“For it is time for judgment to begin at the household of God; and if it begins with us, what will be the outcome for those who do not obey the gospel of God? And “If the righteous is scarcely saved, what will become of the ungodly and the sinner?” Therefore let those who suffer according to God’s will entrust their souls to a faithful Creator while doing good.” (1 Pet. 4:17–19 ESV)
What Should We Do in the Midst of a Trial?
Entrust it to God
To entrust something is to take something valuable to us and give it to someone else. The more valuable it is, the more you carefully think about it.
I was recently encouraging the church staff about getting wills prepared for themselves. Guess what the biggest decision is? Who gets the kids? Who parents your kids if you are gone is the biggest decision of all. Why? They are so valuable to us. Their care and provision is a first priority.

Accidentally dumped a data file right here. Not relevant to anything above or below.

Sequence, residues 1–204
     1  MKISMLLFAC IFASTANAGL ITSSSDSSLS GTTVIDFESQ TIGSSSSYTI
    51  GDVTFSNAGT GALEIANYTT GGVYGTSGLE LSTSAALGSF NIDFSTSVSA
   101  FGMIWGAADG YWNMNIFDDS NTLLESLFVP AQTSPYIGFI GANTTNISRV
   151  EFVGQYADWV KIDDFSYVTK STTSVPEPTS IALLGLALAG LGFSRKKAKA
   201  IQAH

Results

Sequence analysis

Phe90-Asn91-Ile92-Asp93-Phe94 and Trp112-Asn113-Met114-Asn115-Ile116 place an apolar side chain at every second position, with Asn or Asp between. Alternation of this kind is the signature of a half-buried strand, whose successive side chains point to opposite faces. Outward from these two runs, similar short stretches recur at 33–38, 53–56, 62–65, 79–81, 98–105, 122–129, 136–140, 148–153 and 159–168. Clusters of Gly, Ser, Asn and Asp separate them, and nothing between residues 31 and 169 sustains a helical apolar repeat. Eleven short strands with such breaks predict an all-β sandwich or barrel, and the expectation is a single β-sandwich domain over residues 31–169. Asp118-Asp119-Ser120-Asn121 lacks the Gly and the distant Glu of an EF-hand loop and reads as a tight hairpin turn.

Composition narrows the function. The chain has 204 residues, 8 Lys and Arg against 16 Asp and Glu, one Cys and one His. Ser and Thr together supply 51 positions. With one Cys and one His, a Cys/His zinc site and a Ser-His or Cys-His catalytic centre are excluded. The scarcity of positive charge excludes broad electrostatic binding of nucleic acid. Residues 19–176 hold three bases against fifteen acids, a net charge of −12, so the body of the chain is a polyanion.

That is the sense of it here. Our health is valuable to us. Our reputation is valuable to us. Our relationships are valuable to us. When a trial comes, something valuable to us is being threatened. It’s at risk. It might go away. Peter urges us to hold these things with an open hand and when they come, to entrust them to God. How do we do that? There’s a second encouragement.
Trust his faithfulness
“…entrust their souls to a faithful Creator.” (1 Peter 4:19)
Peter highlights the faithfulness and trustworthiness of God. The one who brings and resolves trials is the same one who made us in the first place. When life hurts and we look around for some hope, is it not the faithfulness of God we rest in? How is he faithful? He is faithful to his promises. Faithful to his love. Faithful to his people. Faithful to his Son’s work in our lives. Faithful to the end as the unchanging God. Faithful to his joy in our Christ-likeness. Faithful to his power’s ability to meet our needs. Faithful to his glory. In these and many other ways, God is faithful.